year = "2019",
month = "12",
day = "26",
doi = "10.1016/j.jnutbio.2019.108325",
language = "English",
volume = "78",
journal = "The Journal of Nutritional Biochemistry",
issn = "0955-2863",
publisher = "Elsevier Inc.",

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TY - JOUR

T1 - The anthocyanins in black currants regulate postprandial hyperglycaemia primarily by inhibiting α-glucosidase while other phenolics modulate salivary α-amylase, glucose uptake and sugar transporters

AU - Barik, Sisir Kumar

AU - Russell, Wendy

AU - Moar, Kim M

AU - Cruickshank, Morven

AU - Scobbie, Lorraine

AU - Duncan, Gary

AU - Hoggard, Nigel

N1 - We are grateful to the Scottish Government Rural and Environment Science and Analytical Services (RESAS), the University of Aberdeen and Nutricia Research Foundation for funding. We thank Graham Horgan from Biomathematics and Statistics Scotland for their assistance with the statistical analysis. We thank Gordon J. McDougall and Rex M. Brennan, from The James Hutton Institute for supplying the currants. None of the authors had any conflicts of interest.

PY - 2019/12/26

Y1 - 2019/12/26

N2 - The hypoglycaemic effects of two Ribes sp. i.e. anthocyanin-rich black currants (BC) were compared to green currants (GC), which are low in anthocyanins to establish which compounds are involved in the regulation of postprandial glycaemia. We determined the effect of the currants on inhibiting carbohydrate digestive enzymes (α-amylase, α-glucosidase), intestinal sugar absorption and transport across CaCo-2 cells. The digestion of these currants was modelled using in vitro gastrointestinal digestion (IVGD) to identify the metabolites present in the digested extracts by LC–MS/MS. Freeze-dried BC and IVDG extracts inhibited yeast α-glucosidase activity (P<.0001) at lower concentrations than acarbose, whereas GC and IVDG GC at the same concentrations showed no inhibition. BC and GC both showed significant inhibitory effects on salivary α-amylase (P<.0001), glucose uptake (P<.0001) and the mRNA expression of sugar transporters (P<.0001). Taken together this suggests that the anthocyanins which are high in BC have their greatest effect on postprandial hyperglycaemia by inhibiting α-glucosidase activity. Phytochemical analysis identified the phenolics in the currants and confirmed that freeze-dried BC contained higher concentrations of anthocyanins compared to GC (39.80 vs. 9.85 g/kg dry weight). Specific phenolics were also shown to inhibit salivary α-amylase, α-glucosidase, and glucose uptake. However, specific anthocyanins identified in BC which were low in GC were shown to inhibit α-glucosidase. In conclusion the anthocyanins in BC appear to regulate postprandial hyperglycaemia primarily but not solely by inhibiting α-glucosidase while other phenolics modulate salivary α-amylase, glucose uptake and sugar transporters which together could lower the associated risk of developing type-2 diabetes.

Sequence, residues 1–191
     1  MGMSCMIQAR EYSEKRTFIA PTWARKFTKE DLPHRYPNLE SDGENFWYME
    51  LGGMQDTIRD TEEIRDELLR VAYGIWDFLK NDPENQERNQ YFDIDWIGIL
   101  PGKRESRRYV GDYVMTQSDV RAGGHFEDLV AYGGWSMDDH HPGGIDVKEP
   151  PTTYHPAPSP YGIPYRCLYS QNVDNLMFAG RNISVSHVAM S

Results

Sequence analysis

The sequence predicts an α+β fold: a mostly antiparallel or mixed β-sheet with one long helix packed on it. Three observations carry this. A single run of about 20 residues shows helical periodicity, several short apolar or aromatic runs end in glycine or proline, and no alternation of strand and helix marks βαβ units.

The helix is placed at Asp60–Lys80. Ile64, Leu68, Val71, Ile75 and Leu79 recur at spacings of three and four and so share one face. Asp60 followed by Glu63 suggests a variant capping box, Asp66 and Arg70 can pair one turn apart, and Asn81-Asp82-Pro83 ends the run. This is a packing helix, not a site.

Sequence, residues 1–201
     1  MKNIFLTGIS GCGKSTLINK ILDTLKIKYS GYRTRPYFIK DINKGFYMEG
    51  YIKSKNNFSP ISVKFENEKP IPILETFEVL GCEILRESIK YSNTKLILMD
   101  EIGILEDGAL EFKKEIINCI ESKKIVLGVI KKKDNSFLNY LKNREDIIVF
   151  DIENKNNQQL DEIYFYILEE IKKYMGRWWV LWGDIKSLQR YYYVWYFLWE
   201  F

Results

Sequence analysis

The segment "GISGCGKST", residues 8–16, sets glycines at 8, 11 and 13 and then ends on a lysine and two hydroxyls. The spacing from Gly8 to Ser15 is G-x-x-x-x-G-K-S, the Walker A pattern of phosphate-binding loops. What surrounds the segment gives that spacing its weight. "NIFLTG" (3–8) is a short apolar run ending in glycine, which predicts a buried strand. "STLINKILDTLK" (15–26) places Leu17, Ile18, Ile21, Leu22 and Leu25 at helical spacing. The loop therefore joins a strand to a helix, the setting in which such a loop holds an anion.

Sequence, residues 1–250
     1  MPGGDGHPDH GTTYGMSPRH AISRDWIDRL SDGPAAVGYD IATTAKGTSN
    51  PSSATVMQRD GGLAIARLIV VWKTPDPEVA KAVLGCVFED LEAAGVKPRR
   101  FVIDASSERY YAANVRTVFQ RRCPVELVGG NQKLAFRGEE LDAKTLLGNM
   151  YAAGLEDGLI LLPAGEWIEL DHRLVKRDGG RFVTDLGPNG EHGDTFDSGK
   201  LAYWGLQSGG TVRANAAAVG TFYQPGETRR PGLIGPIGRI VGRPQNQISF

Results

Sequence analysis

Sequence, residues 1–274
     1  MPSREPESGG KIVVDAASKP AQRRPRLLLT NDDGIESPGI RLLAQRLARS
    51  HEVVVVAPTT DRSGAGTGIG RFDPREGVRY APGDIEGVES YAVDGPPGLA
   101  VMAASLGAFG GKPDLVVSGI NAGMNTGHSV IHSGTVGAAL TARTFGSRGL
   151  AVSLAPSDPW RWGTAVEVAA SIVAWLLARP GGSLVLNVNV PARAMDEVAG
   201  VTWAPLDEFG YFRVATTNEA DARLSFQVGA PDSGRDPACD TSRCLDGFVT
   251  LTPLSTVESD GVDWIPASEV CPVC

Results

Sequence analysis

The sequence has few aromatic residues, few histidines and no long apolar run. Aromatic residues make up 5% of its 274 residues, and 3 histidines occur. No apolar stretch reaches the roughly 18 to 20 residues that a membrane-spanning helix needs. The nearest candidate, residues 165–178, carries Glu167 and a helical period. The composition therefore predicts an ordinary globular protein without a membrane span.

AB - The hypoglycaemic effects of two Ribes sp. i.e. anthocyanin-rich black currants (BC) were compared to green currants (GC), which are low in anthocyanins to establish which compounds are involved in the regulation of postprandial glycaemia. We determined the effect of the currants on inhibiting carbohydrate digestive enzymes (α-amylase, α-glucosidase), intestinal sugar absorption and transport across CaCo-2 cells. The digestion of these currants was modelled using in vitro gastrointestinal digestion (IVGD) to identify the metabolites present in the digested extracts by LC–MS/MS. Freeze-dried BC and IVDG extracts inhibited yeast α-glucosidase activity (P<.0001) at lower concentrations than acarbose, whereas GC and IVDG GC at the same concentrations showed no inhibition. BC and GC both showed significant inhibitory effects on salivary α-amylase (P<.0001), glucose uptake (P<.0001) and the mRNA expression of sugar transporters (P<.0001). Taken together this suggests that the anthocyanins which are high in BC have their greatest effect on postprandial hyperglycaemia by inhibiting α-glucosidase activity. Phytochemical analysis identified the phenolics in the currants and confirmed that freeze-dried BC contained higher concentrations of anthocyanins compared to GC (39.80 vs. 9.85 g/kg dry weight). Specific phenolics were also shown to inhibit salivary α-amylase, α-glucosidase, and glucose uptake. However, specific anthocyanins identified in BC which were low in GC were shown to inhibit α-glucosidase. In conclusion the anthocyanins in BC appear to regulate postprandial hyperglycaemia primarily but not solely by inhibiting α-glucosidase while other phenolics modulate salivary α-amylase, glucose uptake and sugar transporters which together could lower the associated risk of developing type-2 diabetes.

KW - black currants

KW - anthocyanins

KW - LC–MS/MS

KW - Alpha-Glucosidase

KW - glucose uptake

KW - Glucose Transporter

U2 - 10.1016/j.jnutbio.2019.108325

DO - 10.1016/j.jnutbio.2019.108325

M3 - Article

C2 - 31952012

VL - 78

JO - The Journal of Nutritional Biochemistry

JF - The Journal of Nutritional Biochemistry

SN - 0955-2863

M1 - 108325

ER -